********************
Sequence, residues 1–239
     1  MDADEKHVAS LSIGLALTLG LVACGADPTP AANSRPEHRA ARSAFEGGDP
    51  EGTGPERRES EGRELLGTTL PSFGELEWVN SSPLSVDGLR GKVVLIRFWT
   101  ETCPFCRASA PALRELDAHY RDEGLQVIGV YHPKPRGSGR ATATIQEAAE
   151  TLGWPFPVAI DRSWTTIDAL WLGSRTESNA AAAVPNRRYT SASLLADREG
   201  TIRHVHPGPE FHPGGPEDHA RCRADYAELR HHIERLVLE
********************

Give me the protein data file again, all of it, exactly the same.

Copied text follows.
Sequence, residues 1–239
     1  MDADEKHVAS LSIGLALTLG LVACGADPTP AANSRPEHRA ARSAFEGGDP
    51  EGTGPERRES EGRELLGTTL PSFGELEWVN SSPLSVDGLR GKVVLIRFWT
   101  ETCPFCRASA PALRELDAHY RDEGLQVIGV YHPKPRGSGR ATATIQEAAE
   151  TLGWPFPVAI DRSWTTIDAL WLGSRTESNA AAAVPNRRYT SASLLADREG
   201  TIRHVHPGPE FHPGGPEDHA RCRADYAELR HHIERLVLE